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Shoeless Joe & Ragtime Basebal Hardcover


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Product Details

  • Hardcover
  • Publisher: Taylor Trade Publishing
  • Language: English
  • ISBN-10: 0878337849
  • ISBN-13: 978-0878337842
  • Product Dimensions: 2.5 x 15.9 x 23.5 cm
  • Shipping Weight: 635 g
  • Average Customer Review: 3.0 out of 5 stars  See all reviews (3 customer reviews)

Customer Reviews

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By A Customer on June 27 2004
Format: Paperback
I've read 3 or 4 books on Joe Jackson and/or the 1919 scandal and seen enough movies (8 Men Out, Field of Dreams), to have been familiar with the story of Jackson and the Black Sox. This book gave a little more biographical information about Jackson. It was interesting to know more about his upbringing and early career. However, while a fast read, I don't think this is sterling prose. Seems a little biased toward Jackson, which we are probably all guilty of as time goes by. I do agree with the implicit endorsement by the author of Jackson for the Hall of Fame. It does seem that his illiteracy and ignorance made him an easy target for the gamblers, his corrupt teammates and---later---Comiskey's attorneys. Jackson's grand jury testimony provided as an appendix is probably the best thing about the book. I had never seen that before and found it fascinating.
I would recommend Eliot Asinof's (which the author does too) "Eight Men Out" as a better, more balanced account. Also a very, very good movie if you'd rather not read the book. A great ficitional account, I thought, was "Hoopla" by Harry Stein, which came out a few years ago. I think both of those do a better job in giving us the feel for Chicago and America in those days. A good case is made in both for Buck Weaver as another reluctant participant in the scandal who was probably penalized a little more severely than he deserved.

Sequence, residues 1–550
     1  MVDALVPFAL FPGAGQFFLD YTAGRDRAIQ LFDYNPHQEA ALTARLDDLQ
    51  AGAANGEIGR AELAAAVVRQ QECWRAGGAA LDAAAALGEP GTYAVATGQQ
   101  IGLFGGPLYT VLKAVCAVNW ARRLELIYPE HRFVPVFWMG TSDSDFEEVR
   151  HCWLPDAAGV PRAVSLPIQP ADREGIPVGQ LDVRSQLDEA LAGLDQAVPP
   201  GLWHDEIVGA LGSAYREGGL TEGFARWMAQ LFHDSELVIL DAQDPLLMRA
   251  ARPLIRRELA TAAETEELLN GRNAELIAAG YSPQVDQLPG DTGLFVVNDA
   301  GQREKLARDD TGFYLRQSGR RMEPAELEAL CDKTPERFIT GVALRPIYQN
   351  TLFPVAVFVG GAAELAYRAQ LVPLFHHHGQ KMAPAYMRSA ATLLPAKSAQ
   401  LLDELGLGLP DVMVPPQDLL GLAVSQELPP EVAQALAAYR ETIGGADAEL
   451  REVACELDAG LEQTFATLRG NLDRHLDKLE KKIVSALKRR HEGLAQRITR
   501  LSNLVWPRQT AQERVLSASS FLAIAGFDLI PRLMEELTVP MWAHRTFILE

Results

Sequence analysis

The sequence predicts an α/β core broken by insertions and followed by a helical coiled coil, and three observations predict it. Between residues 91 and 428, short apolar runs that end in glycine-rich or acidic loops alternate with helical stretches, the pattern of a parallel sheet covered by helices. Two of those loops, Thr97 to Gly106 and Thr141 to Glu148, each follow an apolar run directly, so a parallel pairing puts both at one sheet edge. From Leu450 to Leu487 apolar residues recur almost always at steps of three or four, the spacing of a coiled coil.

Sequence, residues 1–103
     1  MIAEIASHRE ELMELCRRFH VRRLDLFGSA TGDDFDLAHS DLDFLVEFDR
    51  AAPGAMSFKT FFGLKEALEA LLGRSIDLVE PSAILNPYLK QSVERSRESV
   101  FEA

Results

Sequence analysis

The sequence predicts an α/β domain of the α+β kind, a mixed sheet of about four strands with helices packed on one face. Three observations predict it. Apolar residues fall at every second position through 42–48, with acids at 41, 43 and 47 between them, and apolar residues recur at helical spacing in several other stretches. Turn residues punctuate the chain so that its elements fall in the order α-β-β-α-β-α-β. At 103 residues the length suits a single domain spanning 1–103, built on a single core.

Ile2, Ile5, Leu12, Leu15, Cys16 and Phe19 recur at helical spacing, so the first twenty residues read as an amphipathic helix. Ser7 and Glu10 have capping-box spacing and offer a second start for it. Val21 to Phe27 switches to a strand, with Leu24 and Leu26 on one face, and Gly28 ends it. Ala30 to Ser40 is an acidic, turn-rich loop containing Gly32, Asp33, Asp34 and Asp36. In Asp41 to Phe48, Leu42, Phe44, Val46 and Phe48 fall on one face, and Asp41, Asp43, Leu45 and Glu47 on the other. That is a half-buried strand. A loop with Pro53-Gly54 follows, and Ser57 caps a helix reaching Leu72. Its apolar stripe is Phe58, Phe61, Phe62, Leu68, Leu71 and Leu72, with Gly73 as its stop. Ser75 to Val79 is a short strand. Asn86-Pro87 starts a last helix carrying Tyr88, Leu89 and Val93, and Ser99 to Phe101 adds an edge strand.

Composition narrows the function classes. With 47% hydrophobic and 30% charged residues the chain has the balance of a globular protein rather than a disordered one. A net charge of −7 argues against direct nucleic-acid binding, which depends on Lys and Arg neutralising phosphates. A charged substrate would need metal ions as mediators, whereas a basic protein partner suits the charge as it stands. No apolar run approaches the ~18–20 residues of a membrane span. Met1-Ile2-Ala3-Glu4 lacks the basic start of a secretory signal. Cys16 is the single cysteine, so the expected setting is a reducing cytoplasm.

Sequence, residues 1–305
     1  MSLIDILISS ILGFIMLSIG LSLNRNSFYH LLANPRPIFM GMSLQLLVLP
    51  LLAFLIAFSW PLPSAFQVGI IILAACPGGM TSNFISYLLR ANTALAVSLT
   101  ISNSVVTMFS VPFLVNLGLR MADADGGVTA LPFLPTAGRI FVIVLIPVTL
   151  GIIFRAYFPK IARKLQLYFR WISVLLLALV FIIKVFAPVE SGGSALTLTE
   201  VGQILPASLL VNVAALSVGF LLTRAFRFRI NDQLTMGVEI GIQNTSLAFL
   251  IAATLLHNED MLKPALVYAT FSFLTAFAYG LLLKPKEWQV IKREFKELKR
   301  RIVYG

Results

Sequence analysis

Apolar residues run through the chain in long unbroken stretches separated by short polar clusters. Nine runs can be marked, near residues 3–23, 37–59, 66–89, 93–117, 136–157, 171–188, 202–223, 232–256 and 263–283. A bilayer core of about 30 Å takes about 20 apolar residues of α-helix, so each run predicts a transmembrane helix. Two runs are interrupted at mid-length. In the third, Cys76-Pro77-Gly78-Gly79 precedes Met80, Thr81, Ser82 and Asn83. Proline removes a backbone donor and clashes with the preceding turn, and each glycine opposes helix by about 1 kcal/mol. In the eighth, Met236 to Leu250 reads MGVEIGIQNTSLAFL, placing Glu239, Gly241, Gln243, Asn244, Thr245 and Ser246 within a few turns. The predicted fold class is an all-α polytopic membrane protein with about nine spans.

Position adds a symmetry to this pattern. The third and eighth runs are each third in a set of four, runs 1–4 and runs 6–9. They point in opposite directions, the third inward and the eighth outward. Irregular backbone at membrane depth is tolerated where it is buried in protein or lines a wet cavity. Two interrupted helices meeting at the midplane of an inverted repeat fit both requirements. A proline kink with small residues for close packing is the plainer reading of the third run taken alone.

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Format: Paperback
I might as well have read the back of a baseball card as have read the book, for all the insight into Jackson's personality it gave me. This book simply read like an extended sports column; I suppose that is all well and good if sports columns are all you ever read, but I expect more from a biography than a collection of blow-by-blow accounts of the games Jackson played in. The man, after all, spent 13 of his 62 years playing in the big leagues. There is scant discussion of his later years. Does Frommer suppose that the reader is not interested in how Jackson came to terms with his status as a disgraced former big-league ballplayer? One is left with the impression that Frommer did not even attempt to scratch the surface when dealing with Jackson's later years.
Couple this with Frommer's clumsy writing style, lack of citations, and bizarre style of quotation, and one is left with a book that was not worth the time spent reading it. I was left with no greater insight into Jackson the man than before I first picked up the book.
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By A Customer on Nov. 30 2002
Format: Paperback
"A tremendous account. . . I must refer anyone who has any interest in the Black Sox Scandal to Shoeless Joe and Ragtime Baseball. There is a shiny gold sticker on the jacket of Frommer's book, by the way, announcing that it contains "Never before published -- Joe Jackson's complete Grand Jury Testimony." . . .The testimony is worth reading. Frommer quotes Joe Jackson: "I never said anything about it [the plot to throw the Series] until the night before the Series started. I went to see Mr Comiskey and begged him to take me out of the lineup .... If there was something going on I knew the bench was the safest place, but he wouldn't listen to me...." I would love to fill about ten pages with excerpts from Shoeless Joe and Ragtime Baseball, but will not. Get the book. It's a fascinating and fast read.
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Most Helpful Customer Reviews on Amazon.com (beta)

Amazon.com: 30 reviews
14 of 16 people found the following review helpful
Let down by bias Nov. 13 2000
By Amazon Customer - Published on Amazon.com
Format: Paperback